This article considers Senegalese novelist Malick Fall’s 1967 novel La Plaie [The Wound] in the light of material from the archives of Parisian publishers Editions du Seuil. It explores to what extent and with what effect traces of editorial mediation revealed in publishers’ archives can be written into the history of francophone African literature. Fall’s long-neglected text is one of theearliest francophone African novels of post-independence disillusionment. Described by an early critic as the first African “existentialist” novel, its fragmented narrative draws on seams of poetic symbolism, burlesque comedy, and philosophical reflection to portray a vagrant protagonist. The complex structure and unstable narrative voice mark a departure from realist modes of African novels in the 1950s. Moreover it troubles any reductive account of a linear transition from realism to modernism. Yet Fall’s work remains much less known than the celebrated stylistic innovation of Ahmadou Kourouma’s Les Soleils des indépendances (1968) or Yambo Ouologuem’s Le Devoir de violence (1968). Readers’ reports at Le Seuil, a publisher with clear anti-colonial sympathies, show how editors sought to revise Fall’s manuscript according to normative ideas of language, genre, and literary craft, tentatively pointing to the text’s modernist leanings without fully articulating what such modernity might constitute or imply. While clearly not exclusive to African or postcolonial literature, such stylistic tempering (or tampering) arguably shapedthe text’s meditations on trauma, freedom, and alienation. This evidence leads to a revised,multivalent understanding of Fall’s literary innovation.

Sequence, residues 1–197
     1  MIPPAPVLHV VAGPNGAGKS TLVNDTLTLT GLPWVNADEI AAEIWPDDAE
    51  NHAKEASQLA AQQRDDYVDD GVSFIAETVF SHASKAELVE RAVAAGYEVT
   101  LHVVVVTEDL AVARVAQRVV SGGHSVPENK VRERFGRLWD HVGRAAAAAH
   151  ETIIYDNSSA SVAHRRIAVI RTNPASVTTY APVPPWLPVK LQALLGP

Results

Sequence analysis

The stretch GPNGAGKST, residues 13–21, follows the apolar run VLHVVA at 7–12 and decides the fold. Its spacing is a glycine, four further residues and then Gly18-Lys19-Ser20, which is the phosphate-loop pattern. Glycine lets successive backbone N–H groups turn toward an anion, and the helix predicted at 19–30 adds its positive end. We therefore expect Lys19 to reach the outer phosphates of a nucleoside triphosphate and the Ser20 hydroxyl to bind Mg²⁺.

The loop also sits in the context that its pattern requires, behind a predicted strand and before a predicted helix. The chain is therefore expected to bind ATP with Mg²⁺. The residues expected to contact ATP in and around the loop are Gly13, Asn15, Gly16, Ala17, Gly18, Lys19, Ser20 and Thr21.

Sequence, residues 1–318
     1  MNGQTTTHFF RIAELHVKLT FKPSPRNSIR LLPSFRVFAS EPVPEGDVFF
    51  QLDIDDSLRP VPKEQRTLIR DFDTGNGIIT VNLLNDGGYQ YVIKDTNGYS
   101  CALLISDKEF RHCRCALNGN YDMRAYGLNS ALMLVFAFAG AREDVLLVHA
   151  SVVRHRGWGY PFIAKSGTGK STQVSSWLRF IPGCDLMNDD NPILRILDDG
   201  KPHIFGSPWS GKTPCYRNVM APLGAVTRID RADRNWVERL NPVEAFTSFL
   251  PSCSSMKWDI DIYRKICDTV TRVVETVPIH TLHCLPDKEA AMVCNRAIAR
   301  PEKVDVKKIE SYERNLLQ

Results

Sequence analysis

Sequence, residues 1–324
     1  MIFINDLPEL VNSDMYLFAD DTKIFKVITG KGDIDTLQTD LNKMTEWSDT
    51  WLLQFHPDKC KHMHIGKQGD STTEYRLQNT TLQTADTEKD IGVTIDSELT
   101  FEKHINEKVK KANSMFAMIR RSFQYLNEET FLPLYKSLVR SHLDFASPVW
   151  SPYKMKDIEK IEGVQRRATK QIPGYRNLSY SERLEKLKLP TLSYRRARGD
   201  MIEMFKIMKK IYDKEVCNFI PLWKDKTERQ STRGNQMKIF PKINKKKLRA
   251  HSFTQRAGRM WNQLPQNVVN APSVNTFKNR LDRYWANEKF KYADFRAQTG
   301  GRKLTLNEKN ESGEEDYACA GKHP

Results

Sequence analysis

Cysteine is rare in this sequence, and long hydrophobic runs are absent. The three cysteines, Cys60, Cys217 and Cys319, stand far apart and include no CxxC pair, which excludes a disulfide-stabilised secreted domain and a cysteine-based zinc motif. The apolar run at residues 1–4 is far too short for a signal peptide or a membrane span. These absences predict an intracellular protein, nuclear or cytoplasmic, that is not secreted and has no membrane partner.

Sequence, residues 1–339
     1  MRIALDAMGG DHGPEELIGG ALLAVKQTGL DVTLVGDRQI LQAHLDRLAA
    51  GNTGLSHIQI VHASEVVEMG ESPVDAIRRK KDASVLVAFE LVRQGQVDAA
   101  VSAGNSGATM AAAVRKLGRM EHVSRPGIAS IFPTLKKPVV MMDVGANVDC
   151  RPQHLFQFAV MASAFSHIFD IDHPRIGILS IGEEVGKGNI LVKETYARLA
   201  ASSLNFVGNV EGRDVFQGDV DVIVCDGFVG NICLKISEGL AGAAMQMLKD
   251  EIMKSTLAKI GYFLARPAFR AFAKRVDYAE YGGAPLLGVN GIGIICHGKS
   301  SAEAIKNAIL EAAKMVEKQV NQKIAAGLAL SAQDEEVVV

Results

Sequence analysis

|Number of pages||314|
|Journal||Journal of Commonwealth Literature|
|Publication status||Published - Jul 2014|